The geopolitical earthquake that is the Russian invasion of Ukraine has clearly strengthened alliances on both sides. Russia and China’s friendship is, at least on paper, ‘unlimited'. The consensus among most other East and Southeast Asian countries is that Moscow’s actions are illegal and contravene international law.
On the economic front, key regional powers Japan and South Korea were among Russia’s largest trading partners in 2021, each selling $8bn of mostly high value-added products such as cars, machinery and electronics, hard to replace domestically.
Sanctions have caused these exports to collapse. Where South Korea sold $935mn in trade to Russia in February 2022, the last month before the invasion, by June this had fallen to $337mn. Imports from Russia, mainly oil and coal, fell from $1.7bn in February to $800mn in June.
These numbers dwarf the $73bn that ally China exported to Russia in 2021, but here growth is slowing down as well, especially in machinery and electronics, as Chinese producers are wary of Western sanctions.
Other large countries not directly in the West’s orbit, such as Indonesia, Philippines, Vietnam, Malaysia and Thailand, keep trading with Russia. But they have seen an impact on their economies, especially in the tourism sector, in access to raw materials, inflation of input prices and payment problems after Russia’s exclusion from SWIFT.
Politically, they are trying hard not to take sides.
President Joko Widodo of Indonesia, who will chair the G20 summit in Bali in November and is the second largest importer of Ukrainian wheat, visited Kyiv and Moscow in June.
Short of ending the war or pressing the adversaries to resume agricultural shipments, he is trying to salvage the Bali meeting. Some G20 members have threatened to boycott it if the Russian president joins. Putin has confirmed his attendance. As Widodo invited Zelenskiy as well, the summit could end in quagmire.
Fence-sitting by ASEAN countries will be severely tested this week, when they decide to grant Ukraine Treaty of Amity and Cooperation in Southeast Asia (TAC) status. This is de facto symbolic, but would send a strong message of support to Kyiv.
Militarily, Moscow has been stepping up its activities in Asia, even before the start of the invasion. Russia’s Pacific Fleet held joint naval exercises with China in October 2021 in the Sea of Japan, circling the Japanese islands.
In May 2022, as US President Biden was visiting the region, Russia and China sent fighter jets and bombers over the Sea of Japan, East China Sea and the Sea of Philippines.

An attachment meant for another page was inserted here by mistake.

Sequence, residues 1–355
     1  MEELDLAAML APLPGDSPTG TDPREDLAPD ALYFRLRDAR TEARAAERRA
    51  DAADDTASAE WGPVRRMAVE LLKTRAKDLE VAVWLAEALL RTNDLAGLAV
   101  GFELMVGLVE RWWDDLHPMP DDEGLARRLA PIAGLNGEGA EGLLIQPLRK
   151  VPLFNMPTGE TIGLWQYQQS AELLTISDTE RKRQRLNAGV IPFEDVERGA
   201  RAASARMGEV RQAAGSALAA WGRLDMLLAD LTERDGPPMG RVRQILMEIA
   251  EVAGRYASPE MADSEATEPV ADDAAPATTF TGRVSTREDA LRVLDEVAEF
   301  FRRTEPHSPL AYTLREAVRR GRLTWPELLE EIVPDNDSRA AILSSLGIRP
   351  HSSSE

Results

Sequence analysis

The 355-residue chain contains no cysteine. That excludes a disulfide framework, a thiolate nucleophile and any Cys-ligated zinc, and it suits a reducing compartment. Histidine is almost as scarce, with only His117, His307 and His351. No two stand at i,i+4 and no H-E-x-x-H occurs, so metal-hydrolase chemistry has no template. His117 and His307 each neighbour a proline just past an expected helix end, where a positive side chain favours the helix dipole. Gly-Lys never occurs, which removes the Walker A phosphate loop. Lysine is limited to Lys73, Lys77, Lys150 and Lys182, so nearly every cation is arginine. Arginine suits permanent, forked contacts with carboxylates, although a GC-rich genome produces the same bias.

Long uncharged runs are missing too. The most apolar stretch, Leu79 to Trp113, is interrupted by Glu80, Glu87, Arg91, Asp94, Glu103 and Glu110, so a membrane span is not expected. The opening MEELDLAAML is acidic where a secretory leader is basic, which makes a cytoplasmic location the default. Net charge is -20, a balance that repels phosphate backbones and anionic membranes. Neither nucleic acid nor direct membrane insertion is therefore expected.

Both the Japanese and South Korean air forces scrambled fighter jets to warn the intruders and conduct surveillance.
The objective clearly seems to be to intimidate, and arguably to show Russia can still project power in Asia despite the lion's share of its resources being stuck in Ukraine. Japan has its own territorial dispute with Russia over four islands of the Kuril Archipelago in the Far East that were invaded in 1945 by the Soviet Union and are currently administered by Russia.
In March, Russia withdrew from negotiations about a solution and froze economic projects on the islands. Characteristically it conducted military exercises on the islands in the same month.
The result of this Russian-Chinese sabre-rattling has, rather than frightening its opponents, strengthened their resolve. Both Japan and Korea, not Nato members, joined the July gathering of the Alliance in Madrid to bolster relations in light of the ‘unpredictable’ international situation. Japanese PM Kashida stated: ‘I feel a strong sense of crisis that Ukraine could be East Asia tomorrow.’
In Japan, the aggressive behaviour of Russia and China has been a catalyst for a review of its defence strategies and spending plans. ‘The Japanese MoD and ruling party LDP are using Russia’s invasion to argue the world has changed’, says Ryosuke Hanada of the Department of Security Studies and Criminology at Macquarie University.
The Defence Ministry sees the global situation as the ‘biggest challenge since WWII’. The LDP said earlier in the year that it is keeping Nato’s 2% of GDP as guidance, although it later watered down that number. In the context of its pacifist defence doctrine, the revisions would be a complete turnaround.
‘The fundamental motivation of the MoD is closing the military gap with the PRC,’ Hanada adds.
For South Korea, Russia’s war in Ukraine has a different impact. Its sizeable defence industry is seizing the opportunity to sell arms to Nato countries. The fastest growing arms exporter in the world sees demand especially strong in Eastern Europe.
In late July, Poland signed a framework deal with South Korea for weapons systems. The deal, worth $15bn according to Korean media, is its largest-ever weapons export contract. South Korea’s arms exports achieved a record high of $7bn in 2021.
South Korea was the only country that could deliver fast, said Polish Defence Minister Mariusz Blaszczak. The deal, which includes fighter jets, howitzers, armoured tanks and technology transfers, will transform Poland’s army. It has been handing over its older systems to Ukraine.
Russia still has allies left such as Vietnam, Laos and Myanmar, but there are signs that especially Vietnam, with bilateral trade of $7bn in 2021, is becoming a more lukewarm partner.
Not much upside for Russia in Southeast Asia either.
Mark van Loon is a Seoul-based freelance writer